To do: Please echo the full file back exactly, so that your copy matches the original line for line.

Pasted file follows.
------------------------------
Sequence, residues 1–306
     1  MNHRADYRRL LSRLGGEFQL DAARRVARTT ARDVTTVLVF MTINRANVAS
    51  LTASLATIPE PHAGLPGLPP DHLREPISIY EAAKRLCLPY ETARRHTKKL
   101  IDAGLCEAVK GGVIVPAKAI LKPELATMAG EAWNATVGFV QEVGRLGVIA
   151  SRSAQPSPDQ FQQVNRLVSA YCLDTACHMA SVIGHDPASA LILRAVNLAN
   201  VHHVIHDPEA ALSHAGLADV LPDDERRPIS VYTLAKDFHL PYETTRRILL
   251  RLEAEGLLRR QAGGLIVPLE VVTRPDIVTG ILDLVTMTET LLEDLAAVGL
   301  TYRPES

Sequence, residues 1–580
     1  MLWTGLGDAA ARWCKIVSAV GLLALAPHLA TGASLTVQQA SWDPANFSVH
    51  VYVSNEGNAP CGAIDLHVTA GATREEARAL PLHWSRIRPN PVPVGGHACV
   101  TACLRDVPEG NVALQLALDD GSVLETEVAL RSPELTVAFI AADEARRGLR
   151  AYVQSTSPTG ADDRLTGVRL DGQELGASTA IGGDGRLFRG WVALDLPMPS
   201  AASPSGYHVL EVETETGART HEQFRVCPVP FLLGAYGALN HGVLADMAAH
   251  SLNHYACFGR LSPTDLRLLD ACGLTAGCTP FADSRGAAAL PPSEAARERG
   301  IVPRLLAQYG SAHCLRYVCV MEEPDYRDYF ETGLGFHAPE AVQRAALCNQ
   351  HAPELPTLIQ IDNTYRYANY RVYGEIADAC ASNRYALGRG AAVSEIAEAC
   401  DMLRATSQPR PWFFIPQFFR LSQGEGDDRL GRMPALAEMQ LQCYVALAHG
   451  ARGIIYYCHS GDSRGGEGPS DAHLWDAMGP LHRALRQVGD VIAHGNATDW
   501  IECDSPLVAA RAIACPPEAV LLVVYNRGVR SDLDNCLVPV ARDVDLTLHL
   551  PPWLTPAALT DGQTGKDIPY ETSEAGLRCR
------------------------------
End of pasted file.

Sequence, residues 1–306
     1  MNHRADYRRL LSRLGGEFQL DAARRVARTT ARDVTTVLVF MTINRANVAS
    51  LTASLATIPE PHAGLPGLPP DHLREPISIY EAAKRLCLPY ETARRHTKKL
   101  IDAGLCEAVK GGVIVPAKAI LKPELATMAG EAWNATVGFV QEVGRLGVIA
   151  SRSAQPSPDQ FQQVNRLVSA YCLDTACHMA SVIGHDPASA LILRAVNLAN
   201  VHHVIHDPEA ALSHAGLADV LPDDERRPIS VYTLAKDFHL PYETTRRILL
   251  RLEAEGLLRR QAGGLIVPLE VVTRPDIVTG ILDLVTMTET LLEDLAAVGL
   301  TYRPES

Sequence, residues 1–580
     1  MLWTGLGDAA ARWCKIVSAV GLLALAPHLA TGASLTVQQA SWDPANFSVH
    51  VYVSNEGNAP CGAIDLHVTA GATREEARAL PLHWSRIRPN PVPVGGHACV
   101  TACLRDVPEG NVALQLALDD GSVLETEVAL RSPELTVAFI AADEARRGLR
   151  AYVQSTSPTG ADDRLTGVRL DGQELGASTA IGGDGRLFRG WVALDLPMPS
   201  AASPSGYHVL EVETETGART HEQFRVCPVP FLLGAYGALN HGVLADMAAH
   251  SLNHYACFGR LSPTDLRLLD ACGLTAGCTP FADSRGAAAL PPSEAARERG
   301  IVPRLLAQYG SAHCLRYVCV MEEPDYRDYF ETGLGFHAPE AVQRAALCNQ
   351  HAPELPTLIQ IDNTYRYANY RVYGEIADAC ASNRYALGRG AAVSEIAEAC
   401  DMLRATSQPR PWFFIPQFFR LSQGEGDDRL GRMPALAEMQ LQCYVALAHG
   451  ARGIIYYCHS GDSRGGEGPS DAHLWDAMGP LHRALRQVGD VIAHGNATDW
   501  IECDSPLVAA RAIACPPEAV LLVVYNRGVR SDLDNCLVPV ARDVDLTLHL
   551  PPWLTPAALT DGQTGKDIPY ETSEAGLRCR